Patrick Augenstein

Reactivating the optics of colonialism : a critical engagement with historical German photography in Rwanda

Just as none of us is outside or beyond geography, none of is completely free from the struggle over geography. That struggle is complex and interesting because it is not only about soldier and cannons but also about forms, about images and imaginings.
(Said, 1993)

Edward Said, one of the leading intellectuals within the discourse of postcolonial studies, establishes an important connection for the theoretical framing to this lecture. He brings in visual artefacts and the practices of visualization, as an integral part for the analysis of colonialism and it’s “after-effects”. He not only points out their active role and involvement in the establishing of geographical facts – assisted through the university disciplines of geography – but critically brings them on a levelled playing field with military superiority, knowingly needed to bring the age of colonialism about. 

With the help of a case-study from Rwanda, this lecture tries to engage with visual artefact deriving from German colonialism in Rwanda, remobilising them for a discussion on present-day landscape changes.

Almost universally, the loss of forest cover in Rwanda, Africa’s most densely populated country, has been explained by population growth. Imaginations of vast forest landscapes prior to colonialism shape today’s landscape restoration policies, aiming at 30% forest cover countrywide by 2020.

Newly „re-discovered“ historical photographs from 1892-1916 challenges this established narrative. The course of events over the past 100 years might not be synonymous with the narrative of deforestation that follows a reverse trajectory as population increases. As systematically re-photographed viewsheds across Rwanda show, the contrary seems plausible. Increasing numbers of people often coincided with an increase in overall standing biomass. Deforestation has been clearly less drastic than previously thought. In fact, the overall standing biomass has increased in all re-photographed viewsheds.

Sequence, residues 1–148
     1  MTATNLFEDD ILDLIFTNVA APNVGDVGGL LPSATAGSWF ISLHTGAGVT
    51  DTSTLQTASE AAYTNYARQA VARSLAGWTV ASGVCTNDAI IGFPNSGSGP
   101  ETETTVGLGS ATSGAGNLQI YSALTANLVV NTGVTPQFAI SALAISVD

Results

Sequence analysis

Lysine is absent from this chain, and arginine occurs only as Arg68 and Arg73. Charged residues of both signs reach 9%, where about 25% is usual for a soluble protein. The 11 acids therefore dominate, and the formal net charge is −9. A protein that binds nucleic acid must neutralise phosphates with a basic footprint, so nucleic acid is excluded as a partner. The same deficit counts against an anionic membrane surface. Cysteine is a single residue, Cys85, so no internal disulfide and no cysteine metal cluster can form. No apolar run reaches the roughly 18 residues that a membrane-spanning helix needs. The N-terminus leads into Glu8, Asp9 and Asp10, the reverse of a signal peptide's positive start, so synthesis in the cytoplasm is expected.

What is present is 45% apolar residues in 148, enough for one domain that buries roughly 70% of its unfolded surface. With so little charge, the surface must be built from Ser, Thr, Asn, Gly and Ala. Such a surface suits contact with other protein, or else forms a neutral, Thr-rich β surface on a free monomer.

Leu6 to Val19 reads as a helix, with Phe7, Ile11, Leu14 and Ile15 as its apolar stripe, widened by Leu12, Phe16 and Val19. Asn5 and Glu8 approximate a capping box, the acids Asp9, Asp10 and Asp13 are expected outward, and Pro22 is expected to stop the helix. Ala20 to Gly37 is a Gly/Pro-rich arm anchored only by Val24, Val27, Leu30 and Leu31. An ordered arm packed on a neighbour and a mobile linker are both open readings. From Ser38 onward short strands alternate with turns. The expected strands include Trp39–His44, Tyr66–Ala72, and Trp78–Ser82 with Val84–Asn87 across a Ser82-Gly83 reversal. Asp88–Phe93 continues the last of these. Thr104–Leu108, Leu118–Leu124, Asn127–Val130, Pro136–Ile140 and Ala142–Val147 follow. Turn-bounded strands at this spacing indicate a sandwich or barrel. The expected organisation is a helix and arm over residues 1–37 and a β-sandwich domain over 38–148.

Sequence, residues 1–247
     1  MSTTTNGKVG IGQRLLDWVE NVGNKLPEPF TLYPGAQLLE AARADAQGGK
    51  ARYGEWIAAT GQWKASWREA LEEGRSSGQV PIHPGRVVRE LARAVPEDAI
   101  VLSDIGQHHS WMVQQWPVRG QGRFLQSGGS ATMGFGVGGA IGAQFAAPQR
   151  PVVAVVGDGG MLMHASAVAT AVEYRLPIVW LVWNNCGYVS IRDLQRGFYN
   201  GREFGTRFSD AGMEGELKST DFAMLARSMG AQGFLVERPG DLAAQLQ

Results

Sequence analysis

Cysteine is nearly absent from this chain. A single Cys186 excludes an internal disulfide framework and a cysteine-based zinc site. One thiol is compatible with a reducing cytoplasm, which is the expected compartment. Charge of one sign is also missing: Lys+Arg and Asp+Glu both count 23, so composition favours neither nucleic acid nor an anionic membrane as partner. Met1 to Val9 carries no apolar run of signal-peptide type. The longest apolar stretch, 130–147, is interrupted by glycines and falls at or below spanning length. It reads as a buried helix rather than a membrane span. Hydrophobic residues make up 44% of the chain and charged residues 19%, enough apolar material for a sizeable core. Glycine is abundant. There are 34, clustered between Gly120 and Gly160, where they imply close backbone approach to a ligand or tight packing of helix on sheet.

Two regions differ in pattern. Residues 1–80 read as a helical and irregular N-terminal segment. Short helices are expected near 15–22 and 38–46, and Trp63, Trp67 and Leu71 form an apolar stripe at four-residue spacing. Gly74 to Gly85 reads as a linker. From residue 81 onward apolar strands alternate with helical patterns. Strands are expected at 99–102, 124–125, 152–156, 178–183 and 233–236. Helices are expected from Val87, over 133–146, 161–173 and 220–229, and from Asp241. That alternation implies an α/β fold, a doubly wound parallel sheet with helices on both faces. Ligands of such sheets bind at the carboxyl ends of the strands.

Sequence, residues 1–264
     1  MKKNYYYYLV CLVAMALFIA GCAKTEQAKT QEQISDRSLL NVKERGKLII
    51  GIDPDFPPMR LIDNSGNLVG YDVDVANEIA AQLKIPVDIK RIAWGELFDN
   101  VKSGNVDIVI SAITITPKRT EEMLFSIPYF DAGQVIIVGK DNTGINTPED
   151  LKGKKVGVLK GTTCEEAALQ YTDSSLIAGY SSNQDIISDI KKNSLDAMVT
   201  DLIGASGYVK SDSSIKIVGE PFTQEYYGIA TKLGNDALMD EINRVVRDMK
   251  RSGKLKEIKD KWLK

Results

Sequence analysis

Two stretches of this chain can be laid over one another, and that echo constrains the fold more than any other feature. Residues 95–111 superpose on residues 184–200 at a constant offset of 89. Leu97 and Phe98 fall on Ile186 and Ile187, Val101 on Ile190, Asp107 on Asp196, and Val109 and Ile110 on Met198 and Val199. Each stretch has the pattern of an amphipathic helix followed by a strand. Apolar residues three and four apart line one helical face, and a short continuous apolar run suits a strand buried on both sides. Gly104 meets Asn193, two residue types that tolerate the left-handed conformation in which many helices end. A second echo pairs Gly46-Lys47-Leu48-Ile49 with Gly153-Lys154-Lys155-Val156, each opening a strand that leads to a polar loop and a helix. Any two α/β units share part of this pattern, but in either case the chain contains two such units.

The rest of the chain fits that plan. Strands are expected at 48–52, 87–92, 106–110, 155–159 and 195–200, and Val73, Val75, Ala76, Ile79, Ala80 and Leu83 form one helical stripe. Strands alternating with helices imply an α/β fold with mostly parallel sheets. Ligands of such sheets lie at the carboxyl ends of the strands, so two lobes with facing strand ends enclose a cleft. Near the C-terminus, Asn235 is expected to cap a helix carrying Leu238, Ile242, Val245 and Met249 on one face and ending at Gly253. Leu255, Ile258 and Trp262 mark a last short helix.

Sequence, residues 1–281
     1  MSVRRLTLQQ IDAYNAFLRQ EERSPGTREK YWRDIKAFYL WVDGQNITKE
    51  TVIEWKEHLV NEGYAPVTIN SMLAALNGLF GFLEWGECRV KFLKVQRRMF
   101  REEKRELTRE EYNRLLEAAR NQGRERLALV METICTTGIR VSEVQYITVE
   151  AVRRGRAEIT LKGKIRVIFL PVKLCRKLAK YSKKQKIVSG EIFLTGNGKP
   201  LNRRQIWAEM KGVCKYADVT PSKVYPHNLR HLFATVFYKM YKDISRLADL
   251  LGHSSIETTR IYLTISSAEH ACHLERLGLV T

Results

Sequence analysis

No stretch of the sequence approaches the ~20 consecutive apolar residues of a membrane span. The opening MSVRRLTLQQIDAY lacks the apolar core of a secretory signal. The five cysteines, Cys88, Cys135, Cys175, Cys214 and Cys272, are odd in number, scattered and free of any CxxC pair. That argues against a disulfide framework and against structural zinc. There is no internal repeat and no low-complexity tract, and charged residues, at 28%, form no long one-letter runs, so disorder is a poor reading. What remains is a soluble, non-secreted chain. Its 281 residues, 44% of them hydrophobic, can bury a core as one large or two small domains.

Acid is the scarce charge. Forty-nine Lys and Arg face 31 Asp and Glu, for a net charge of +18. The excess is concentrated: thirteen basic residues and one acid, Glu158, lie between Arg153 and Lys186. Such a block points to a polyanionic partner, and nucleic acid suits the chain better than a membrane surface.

Linking repeat photography and ecology proofed to be an innovative approach to critically engage with long-standing narratives on landscape change and the corresponding political frameworks aiming at restoring these lands. Yet, we need to ask ourselves: did geographical research fully transcend its colonial past and its hegemonial acts, claiming discourse sovereignty in speaking about “the foreign lands”? 

The historic photographs of this research confess to the colonial project, which reached its apogee towards the end of the First World War with 85 % of the terrestrial land surface pocketed by colonial powers. With all of the utilised visual archive of this study deriving from just this period of time, it seems crucial to shed light, not only on how these images operated during colonial time itself – but also, on how, in postcolonial times and through the theorems of postcolonial study, we can critically engage and re-mobilize these images for the cause of landscape analysis.